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21.1.2

Innate immunity and acquired immunity co-operate in the immune response

Immune phenomena are often described from two aspects: innate immunity and acquired immunity. Innate immunity is present in all multicellular organisms. It senses evolutionarily distant foreign organisms such as microorganisms or altered components of oneself and eliminates them using several concerted mechanisms. In contrast, acquired immunity is seen only in vertebrates. It is designed to discriminate foreign substances (“non-self” substances) based on the images of the “shapes” of all the substances making up its own body (“self”) and triggers an immune response to eliminate the foreign substances that have a different “shape” from any of the “self” substances. In addition, it also has a system to “remember” the shape of the foreign substances encountered, and maintains an immune memory. These “shapes” that are recognized by the immune system are called epitopes; and those molecules that have an epitope and thus evoke immune responses are called antigens. Epitopes are recognized by proteins called T-cell receptors and immunoglobulins, which are both produced by lymphocytes playing a central role in acquired immunity.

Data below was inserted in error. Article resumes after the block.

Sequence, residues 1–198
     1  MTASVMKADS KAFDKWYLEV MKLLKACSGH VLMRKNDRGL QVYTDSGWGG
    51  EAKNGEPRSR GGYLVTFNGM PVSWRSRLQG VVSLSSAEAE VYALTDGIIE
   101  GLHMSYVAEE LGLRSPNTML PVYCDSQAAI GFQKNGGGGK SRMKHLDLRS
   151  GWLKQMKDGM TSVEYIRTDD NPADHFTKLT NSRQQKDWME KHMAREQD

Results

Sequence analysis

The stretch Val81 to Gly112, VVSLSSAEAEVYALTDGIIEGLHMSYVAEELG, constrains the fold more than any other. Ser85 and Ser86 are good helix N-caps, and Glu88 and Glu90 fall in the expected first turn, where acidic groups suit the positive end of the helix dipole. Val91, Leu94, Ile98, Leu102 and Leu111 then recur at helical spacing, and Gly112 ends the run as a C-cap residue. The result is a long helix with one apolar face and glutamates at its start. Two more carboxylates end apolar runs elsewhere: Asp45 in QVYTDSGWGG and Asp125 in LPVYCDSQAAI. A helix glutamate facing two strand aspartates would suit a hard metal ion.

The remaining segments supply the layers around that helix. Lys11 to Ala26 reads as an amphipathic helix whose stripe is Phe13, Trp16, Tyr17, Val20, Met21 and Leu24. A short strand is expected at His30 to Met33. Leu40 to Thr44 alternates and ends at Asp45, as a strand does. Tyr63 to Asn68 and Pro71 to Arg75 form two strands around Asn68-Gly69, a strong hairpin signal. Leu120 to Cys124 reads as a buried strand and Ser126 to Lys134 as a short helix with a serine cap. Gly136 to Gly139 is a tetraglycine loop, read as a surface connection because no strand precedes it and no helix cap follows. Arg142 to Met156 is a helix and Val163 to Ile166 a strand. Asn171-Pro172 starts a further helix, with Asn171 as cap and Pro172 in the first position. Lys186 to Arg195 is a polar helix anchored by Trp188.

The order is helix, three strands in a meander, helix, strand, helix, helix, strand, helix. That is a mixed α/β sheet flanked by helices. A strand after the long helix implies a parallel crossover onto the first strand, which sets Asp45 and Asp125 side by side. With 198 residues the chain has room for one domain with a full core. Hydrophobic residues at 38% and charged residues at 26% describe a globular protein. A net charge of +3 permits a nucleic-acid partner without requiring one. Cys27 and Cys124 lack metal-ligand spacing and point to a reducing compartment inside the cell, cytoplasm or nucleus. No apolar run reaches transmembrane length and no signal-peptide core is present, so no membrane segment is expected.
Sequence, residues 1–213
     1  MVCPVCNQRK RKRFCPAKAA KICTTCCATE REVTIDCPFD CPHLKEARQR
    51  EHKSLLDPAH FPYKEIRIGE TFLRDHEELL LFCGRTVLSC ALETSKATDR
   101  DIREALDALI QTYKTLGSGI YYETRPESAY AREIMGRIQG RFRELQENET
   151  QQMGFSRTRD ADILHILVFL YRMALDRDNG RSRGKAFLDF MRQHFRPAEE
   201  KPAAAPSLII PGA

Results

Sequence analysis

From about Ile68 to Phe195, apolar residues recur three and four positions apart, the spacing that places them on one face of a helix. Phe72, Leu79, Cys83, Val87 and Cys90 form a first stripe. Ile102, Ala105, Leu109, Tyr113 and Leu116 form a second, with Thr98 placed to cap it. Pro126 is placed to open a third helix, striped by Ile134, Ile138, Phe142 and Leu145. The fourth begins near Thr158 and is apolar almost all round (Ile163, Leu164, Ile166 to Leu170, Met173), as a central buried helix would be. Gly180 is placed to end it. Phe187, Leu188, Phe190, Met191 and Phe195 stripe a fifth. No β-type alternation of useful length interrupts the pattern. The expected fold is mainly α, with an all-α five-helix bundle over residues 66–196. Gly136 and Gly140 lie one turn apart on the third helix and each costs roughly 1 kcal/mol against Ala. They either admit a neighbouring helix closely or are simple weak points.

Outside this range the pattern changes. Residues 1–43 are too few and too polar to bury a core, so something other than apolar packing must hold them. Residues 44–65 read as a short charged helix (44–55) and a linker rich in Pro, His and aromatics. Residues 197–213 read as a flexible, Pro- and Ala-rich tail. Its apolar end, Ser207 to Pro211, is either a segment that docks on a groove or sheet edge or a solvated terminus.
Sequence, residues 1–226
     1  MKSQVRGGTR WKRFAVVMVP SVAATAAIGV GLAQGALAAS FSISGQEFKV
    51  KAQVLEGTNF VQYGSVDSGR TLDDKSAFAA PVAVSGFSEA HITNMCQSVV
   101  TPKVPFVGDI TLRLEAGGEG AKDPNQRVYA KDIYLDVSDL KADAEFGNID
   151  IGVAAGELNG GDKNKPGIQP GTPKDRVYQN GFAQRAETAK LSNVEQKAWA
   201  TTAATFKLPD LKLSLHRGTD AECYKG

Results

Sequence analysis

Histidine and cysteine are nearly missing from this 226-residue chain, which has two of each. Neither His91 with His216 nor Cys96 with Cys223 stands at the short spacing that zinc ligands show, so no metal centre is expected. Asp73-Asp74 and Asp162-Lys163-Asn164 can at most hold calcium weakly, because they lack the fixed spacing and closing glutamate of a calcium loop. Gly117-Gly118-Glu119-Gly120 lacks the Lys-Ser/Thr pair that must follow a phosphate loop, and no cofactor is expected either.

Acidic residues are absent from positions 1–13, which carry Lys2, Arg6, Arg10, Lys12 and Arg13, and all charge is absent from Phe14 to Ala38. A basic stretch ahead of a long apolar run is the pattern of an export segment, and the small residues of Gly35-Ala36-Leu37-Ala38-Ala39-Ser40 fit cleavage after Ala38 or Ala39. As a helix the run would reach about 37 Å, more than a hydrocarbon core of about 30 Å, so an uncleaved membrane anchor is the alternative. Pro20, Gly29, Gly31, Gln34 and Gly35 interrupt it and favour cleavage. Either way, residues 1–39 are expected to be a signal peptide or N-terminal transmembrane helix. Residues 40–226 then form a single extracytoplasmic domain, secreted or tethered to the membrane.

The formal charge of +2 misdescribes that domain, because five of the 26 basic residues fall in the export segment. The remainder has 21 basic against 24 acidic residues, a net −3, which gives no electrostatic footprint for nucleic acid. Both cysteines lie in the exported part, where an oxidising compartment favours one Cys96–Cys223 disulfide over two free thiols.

In vertebrates, including humans, innate and acquired immunity do not exist as separate response systems but always work as a coordinated system. Generally, the phase before activation of lymphocytes is referred to as the innate immune response, while the second phase is called the acquired immune response. Since organisms (such as insects) that only have innate immunity flourish on earth, it has been inferred that acquired immunity is not essential for survival. However, organisms without acquired immunity generally have rapid reproductive life cycles, thereby ensuring survival by producing large numbers of progeny. In this sense, acquired immunity is more associated with the survival of individual organisms, leading to a stronger focus on individuals rather than the species as a whole.

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21.1.3

Molecular and cellular biological aspects of immunity